After four years, hundreds of causes and more than 11 million signatures, the White House’s popular e-petition platform We the People is getting some updates.
Now when petitions meet the 100,000-signature threshold required for a response, the White House will issue an update or policy statement within 60 days. Jason Goldman, White House chief digital officer, wrote in an announcement that this is meant to be the “the start of the conversation, not the final page.”
In the midst of the
announcement Tuesday, the White House tackled We the People’s petition backlog,
responding to all 20 outstanding calls for action.
Americans have used the site to lobby on an array of topics, most often related to civil rights and liberties, and human rights. Earlier this year, the White House responded to a petition to pardon Edward Snowden.
Not all the petitions are serious, though: In 2012, users petitioned the government to begin building the Death Star from Star Wars by 2016. The administration responded with a bit of levity.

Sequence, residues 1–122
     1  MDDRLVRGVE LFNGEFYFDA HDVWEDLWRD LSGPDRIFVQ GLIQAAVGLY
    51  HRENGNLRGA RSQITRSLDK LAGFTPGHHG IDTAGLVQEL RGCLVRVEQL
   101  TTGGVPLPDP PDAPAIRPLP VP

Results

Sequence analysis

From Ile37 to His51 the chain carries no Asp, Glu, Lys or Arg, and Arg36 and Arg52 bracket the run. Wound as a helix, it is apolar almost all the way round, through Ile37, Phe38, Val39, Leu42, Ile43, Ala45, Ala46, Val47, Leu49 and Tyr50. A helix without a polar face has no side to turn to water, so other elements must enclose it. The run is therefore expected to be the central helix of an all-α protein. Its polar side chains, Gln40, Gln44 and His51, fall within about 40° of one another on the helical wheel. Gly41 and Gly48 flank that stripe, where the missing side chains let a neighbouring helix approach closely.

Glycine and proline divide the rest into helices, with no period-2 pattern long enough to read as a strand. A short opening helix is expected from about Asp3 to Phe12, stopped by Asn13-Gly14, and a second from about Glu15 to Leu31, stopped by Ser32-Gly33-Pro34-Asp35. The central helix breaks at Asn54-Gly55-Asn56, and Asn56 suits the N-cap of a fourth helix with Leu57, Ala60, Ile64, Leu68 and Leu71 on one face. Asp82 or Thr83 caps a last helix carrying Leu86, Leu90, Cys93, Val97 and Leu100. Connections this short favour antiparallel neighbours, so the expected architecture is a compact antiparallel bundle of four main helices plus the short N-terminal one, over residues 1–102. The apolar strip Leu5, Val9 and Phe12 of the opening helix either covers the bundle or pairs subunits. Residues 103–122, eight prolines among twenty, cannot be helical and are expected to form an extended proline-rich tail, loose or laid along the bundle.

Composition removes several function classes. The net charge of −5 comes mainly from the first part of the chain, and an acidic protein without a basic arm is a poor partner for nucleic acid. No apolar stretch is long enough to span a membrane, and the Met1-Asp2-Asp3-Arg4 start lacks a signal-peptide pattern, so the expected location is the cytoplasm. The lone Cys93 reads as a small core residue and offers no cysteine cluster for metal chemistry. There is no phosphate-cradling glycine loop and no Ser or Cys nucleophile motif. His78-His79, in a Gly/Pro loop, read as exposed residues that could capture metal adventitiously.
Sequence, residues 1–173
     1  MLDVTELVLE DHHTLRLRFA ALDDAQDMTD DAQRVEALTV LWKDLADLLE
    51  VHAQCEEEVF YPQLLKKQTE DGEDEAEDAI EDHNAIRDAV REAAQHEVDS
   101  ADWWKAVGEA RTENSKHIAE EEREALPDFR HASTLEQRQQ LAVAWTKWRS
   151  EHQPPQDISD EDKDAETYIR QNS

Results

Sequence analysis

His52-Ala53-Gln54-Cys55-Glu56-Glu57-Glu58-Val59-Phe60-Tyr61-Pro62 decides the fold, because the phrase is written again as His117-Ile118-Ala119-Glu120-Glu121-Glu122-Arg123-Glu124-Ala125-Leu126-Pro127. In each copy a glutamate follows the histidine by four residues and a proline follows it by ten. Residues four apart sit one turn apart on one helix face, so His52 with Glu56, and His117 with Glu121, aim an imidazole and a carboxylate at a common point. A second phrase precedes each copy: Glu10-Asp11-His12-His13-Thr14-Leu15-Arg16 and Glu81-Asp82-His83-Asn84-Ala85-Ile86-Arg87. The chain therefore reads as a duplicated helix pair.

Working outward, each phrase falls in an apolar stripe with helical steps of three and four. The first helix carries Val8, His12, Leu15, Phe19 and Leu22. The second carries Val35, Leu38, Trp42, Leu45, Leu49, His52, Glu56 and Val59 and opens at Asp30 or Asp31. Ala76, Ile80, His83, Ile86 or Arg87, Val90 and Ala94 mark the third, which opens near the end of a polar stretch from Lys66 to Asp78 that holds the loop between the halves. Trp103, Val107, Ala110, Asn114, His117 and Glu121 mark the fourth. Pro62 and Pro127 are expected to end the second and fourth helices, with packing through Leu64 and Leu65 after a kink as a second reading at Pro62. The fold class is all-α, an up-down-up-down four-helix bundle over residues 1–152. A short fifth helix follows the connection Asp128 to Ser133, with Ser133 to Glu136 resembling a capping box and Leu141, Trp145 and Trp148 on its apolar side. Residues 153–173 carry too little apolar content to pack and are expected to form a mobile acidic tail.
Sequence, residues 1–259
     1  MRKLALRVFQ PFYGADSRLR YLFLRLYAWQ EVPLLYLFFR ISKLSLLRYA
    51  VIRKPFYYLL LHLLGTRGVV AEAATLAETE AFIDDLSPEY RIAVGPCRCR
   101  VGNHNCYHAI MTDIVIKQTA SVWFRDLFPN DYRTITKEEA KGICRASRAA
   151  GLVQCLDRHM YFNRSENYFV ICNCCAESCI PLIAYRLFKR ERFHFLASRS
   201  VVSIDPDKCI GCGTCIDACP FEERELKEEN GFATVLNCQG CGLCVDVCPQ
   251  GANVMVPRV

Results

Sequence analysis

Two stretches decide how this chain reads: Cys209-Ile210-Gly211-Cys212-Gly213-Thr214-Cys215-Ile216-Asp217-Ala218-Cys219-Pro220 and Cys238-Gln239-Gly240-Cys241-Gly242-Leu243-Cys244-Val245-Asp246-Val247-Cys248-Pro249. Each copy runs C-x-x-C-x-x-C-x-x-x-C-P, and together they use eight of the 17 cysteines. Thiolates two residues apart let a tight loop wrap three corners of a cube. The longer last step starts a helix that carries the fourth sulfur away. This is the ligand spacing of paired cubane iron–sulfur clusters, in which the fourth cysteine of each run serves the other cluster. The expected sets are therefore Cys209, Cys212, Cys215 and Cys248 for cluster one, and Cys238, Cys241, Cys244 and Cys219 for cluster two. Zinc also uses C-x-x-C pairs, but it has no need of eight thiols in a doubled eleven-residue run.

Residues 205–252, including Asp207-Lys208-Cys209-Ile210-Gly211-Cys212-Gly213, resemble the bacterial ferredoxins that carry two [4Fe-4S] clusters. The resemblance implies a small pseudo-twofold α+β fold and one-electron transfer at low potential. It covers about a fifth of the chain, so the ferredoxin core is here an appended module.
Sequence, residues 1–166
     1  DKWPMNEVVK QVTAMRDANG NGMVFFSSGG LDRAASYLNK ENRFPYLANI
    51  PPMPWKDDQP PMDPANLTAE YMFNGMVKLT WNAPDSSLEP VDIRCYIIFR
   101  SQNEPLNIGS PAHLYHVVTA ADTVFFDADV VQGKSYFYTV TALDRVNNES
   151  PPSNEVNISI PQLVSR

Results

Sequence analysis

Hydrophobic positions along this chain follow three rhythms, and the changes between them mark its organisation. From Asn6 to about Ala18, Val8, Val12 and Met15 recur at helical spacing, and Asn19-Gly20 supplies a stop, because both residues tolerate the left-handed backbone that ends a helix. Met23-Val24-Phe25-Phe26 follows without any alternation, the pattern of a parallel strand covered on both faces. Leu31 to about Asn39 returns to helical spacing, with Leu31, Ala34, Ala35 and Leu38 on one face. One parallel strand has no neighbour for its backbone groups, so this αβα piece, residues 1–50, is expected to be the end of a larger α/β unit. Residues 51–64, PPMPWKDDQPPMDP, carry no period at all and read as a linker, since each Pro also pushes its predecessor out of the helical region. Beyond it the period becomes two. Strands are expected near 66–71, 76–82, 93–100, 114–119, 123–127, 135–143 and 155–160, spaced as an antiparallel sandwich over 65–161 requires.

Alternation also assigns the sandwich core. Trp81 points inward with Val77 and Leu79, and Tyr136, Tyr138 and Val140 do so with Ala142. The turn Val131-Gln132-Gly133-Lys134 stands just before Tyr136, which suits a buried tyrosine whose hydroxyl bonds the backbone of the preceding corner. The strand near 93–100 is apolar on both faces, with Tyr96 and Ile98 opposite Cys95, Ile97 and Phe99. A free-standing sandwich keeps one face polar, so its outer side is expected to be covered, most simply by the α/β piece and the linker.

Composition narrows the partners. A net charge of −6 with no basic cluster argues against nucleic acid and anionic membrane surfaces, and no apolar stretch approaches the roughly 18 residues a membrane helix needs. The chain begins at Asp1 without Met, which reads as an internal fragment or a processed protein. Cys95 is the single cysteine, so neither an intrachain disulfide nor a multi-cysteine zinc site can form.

“The Administration shares your desire for job creation and a strong national defense, but a Death Star isn’t on the horizon,” the official response says, namely because of the estimates $850 quadrillion price tag for a space station with “a fundamental flaw that can be exploited by a one-man starship.”
In addition to promising a speedier response time, the White House plans to start tapping into outside platforms, like Change.org, Goldman said. This will open We the People to more petitions, “meaning the future signatures of [Change.org’s] 100 million users will count toward the threshold for getting an official response from the Administration,” Goldman wrote.
And if other groups or governments fancy using an online petition platform like the White House’s, they’re in luck. The administration is posting the code for the system on Drupal and GitHub for others to use.
Finally, Goldman said the White House has assembled a team devoted to giving quality responses to petitions or finding the qualified person within government to do so.
“You might not always be happy with what you hear from us, but we’ll be upfront with you about why we can’t take action on a given issue if we can’t — or about why we’re choosing not to,” he said. “If there’s genuinely nothing we can do, we’re going to let you know. If we agree with you, we’ll let you know. If we’re working on it, we’ll tell you that. And we’ll keep you posted with additional details and related content that we think you might be interested in along the way.”